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Using Theory in Oncology Nursing

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Tia Thistlewood

on 11 December 2013

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Transcript of Using Theory in Oncology Nursing

Using Theory in Oncology Nursing
Cancer is diagnosis that can be met with adverse feelings, such as anxiety or despair. This can led to a decrease in quality of life.

The Oncology Clinical Nurse Specialist (OCNS) is an advanced practice nurse who provides educational and emotional support to patients recently diagnosed with cancer.

Using nursing theory in practice, the OCNS can help patients recently diagnosed with cancer to become empowered through education and emotional support. This lead to an improved quality of life in these patients.
Theories Analyzed
Recurring Concepts
Perceived Severity
Proposed OCNS Practice Model
Future Use
Capstone Idea: Quality improvement project to develop and implement cost-effective patient education into routine cancer care for inpatient and outpatient oncology patients.

Future Practice: The OCNS can be consulted to use this proposed model to treat newly diagnosed oncology patients. The OCNS will use this model to assess initial patient understanding and emotions, develop and implement an appropriate educational approach, and evaluate understanding and emotions throughout the patient's treatment plan.
Uncertainty of Illness Theory
Feelings of ambiguity and confusion arise when reliable information is not available or is inconsistent. Uncertainty is the feeling that develops from this lack of information, and is a cognitive state in which the affected individual cannot adequately predict outcomes of the disease course adequately (Mishel & Clayton, 2003). This can lead to feelings of stress and threat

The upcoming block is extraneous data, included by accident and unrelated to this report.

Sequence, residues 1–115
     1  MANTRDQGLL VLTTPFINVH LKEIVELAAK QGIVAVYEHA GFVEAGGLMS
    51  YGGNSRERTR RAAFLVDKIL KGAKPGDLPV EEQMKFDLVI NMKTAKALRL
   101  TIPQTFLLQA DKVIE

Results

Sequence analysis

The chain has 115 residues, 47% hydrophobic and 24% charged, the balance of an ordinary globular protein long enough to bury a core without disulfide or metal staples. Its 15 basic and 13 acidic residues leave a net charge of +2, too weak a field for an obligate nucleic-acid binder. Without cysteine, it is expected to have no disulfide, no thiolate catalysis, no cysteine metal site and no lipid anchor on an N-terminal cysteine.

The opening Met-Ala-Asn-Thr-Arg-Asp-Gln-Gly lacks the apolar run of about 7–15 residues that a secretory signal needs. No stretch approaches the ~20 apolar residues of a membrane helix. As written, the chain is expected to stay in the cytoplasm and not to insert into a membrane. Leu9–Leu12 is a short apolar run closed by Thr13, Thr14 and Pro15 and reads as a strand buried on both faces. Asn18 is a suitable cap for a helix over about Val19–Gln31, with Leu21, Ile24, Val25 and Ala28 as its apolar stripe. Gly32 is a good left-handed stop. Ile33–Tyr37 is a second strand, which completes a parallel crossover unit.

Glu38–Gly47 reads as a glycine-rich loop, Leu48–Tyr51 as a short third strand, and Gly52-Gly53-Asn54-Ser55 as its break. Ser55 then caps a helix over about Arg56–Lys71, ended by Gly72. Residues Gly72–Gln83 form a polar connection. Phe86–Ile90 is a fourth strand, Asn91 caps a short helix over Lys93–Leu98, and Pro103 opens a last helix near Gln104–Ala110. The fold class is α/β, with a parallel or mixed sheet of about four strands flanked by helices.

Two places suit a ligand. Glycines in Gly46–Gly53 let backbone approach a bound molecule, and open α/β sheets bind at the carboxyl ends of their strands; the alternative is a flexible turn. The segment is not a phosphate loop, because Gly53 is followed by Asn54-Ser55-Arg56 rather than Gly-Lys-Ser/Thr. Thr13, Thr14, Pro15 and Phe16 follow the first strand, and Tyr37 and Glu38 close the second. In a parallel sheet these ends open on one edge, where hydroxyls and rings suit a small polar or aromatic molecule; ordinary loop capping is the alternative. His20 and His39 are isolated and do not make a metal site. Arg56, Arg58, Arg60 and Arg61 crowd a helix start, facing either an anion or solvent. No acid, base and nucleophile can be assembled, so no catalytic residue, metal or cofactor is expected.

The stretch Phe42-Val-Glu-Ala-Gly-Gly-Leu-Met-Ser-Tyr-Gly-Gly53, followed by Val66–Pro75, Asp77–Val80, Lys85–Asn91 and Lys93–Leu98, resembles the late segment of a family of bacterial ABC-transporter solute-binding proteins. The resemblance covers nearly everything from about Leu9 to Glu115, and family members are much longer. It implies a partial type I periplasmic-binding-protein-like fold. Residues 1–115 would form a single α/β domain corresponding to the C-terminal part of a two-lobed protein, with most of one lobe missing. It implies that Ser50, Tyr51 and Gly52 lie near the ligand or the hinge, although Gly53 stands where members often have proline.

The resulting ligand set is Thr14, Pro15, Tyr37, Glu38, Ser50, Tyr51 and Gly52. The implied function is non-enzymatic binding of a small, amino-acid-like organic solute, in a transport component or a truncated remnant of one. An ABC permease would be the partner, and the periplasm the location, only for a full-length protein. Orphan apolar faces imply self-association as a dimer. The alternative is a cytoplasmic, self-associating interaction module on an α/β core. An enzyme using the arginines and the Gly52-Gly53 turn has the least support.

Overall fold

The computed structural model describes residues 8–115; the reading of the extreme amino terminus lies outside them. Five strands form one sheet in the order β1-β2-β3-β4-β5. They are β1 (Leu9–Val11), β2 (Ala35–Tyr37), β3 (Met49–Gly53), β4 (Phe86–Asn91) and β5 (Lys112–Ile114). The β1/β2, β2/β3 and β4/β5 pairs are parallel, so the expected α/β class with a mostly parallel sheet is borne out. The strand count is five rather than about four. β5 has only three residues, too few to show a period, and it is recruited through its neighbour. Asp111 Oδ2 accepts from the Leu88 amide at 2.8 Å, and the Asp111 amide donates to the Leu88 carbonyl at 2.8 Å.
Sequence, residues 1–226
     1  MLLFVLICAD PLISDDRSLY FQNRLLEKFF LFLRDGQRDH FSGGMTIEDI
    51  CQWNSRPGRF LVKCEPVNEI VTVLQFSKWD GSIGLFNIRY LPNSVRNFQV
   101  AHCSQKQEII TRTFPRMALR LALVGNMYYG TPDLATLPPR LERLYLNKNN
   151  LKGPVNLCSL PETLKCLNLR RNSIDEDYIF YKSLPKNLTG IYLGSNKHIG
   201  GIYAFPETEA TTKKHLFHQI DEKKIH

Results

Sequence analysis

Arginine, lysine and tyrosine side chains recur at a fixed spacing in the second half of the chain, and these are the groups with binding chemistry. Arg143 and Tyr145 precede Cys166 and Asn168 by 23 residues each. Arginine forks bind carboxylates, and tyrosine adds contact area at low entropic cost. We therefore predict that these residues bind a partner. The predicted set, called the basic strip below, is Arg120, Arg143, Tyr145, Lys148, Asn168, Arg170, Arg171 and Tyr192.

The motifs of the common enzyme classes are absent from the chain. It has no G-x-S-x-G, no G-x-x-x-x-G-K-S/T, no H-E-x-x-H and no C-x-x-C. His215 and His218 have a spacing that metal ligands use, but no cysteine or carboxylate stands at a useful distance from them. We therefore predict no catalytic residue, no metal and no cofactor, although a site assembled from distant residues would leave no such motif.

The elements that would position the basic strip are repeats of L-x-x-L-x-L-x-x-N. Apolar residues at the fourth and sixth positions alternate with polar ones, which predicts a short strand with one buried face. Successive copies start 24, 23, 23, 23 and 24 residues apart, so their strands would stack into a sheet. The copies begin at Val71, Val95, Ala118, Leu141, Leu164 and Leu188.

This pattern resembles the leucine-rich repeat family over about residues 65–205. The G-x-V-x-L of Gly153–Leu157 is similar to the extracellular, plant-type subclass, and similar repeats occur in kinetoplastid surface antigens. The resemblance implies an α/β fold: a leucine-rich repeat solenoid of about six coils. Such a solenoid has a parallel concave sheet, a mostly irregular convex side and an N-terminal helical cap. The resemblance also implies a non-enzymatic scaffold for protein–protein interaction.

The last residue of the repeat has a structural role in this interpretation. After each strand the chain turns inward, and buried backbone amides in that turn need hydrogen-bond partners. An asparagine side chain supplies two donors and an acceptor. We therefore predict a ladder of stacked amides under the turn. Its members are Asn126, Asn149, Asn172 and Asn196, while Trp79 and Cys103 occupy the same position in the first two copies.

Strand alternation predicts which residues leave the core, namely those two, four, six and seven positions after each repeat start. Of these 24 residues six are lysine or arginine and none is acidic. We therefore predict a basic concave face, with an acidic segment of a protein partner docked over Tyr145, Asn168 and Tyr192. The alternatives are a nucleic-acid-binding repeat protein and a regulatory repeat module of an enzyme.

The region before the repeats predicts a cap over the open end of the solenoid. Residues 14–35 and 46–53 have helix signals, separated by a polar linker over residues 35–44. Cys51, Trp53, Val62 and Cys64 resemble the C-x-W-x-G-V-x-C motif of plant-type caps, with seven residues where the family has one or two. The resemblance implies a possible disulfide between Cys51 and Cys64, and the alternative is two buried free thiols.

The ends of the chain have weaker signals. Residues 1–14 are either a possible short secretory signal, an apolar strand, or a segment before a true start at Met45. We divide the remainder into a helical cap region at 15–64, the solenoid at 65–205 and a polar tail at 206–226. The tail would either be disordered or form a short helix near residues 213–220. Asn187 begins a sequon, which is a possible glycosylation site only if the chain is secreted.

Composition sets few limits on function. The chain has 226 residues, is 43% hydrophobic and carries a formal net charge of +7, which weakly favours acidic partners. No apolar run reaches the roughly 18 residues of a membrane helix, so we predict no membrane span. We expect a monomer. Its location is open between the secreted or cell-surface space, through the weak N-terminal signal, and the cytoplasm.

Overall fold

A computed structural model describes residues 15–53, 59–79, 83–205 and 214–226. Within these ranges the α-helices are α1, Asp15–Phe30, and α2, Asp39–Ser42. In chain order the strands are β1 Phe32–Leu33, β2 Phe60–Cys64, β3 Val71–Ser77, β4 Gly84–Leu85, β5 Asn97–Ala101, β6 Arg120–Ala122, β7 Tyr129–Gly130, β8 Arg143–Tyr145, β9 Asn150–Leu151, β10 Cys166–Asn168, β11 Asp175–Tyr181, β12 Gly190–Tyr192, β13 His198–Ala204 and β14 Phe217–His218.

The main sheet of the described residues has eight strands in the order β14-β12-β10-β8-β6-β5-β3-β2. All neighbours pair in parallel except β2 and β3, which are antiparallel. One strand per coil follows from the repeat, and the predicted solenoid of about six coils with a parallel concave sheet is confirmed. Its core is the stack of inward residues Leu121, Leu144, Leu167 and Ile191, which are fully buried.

Self-Regulation Theory
Each patient has unique experiences that will determine how the patient will cope with their illness. The patients’ perceptions and opinions will guide their behavior during the disease process (Johnson, 1999)
Empowerment Theory
A process in which an individual transitions from powerlessness to a state of more control over one’s environment or emotions (Sadan, 1997). The empowerment theory is largely ideological and places great emphasis on individual responsibility and decision-making (Finfeld, 2004)
Each theory seems to be favor patient education. Through education, the patient can gain an informed understanding about their cancer diagnosis, reducing anxiety and discrepancies in perceived severity, while simultaneously increasing empowerment and self-efficacy.
Perceived Severity & Anxiety
Relates to feelings of uncertainty, fear, and stress/threat. This affects how the patient develops a schema of their cancer diagnosis and creates discrepancies in expectation and reality.
Resilience & Self-Efficacy
Professional patient education allows the patient to gain a better understanding of their diagnosis. This leads to the development of patient confidence and gives the patient the ability to make decisions regarding their cancer care.

By developing self-efficacy, the patient will be able to effectively cope with their diagnosis, leading to quality outcomes and an increase in quality of life
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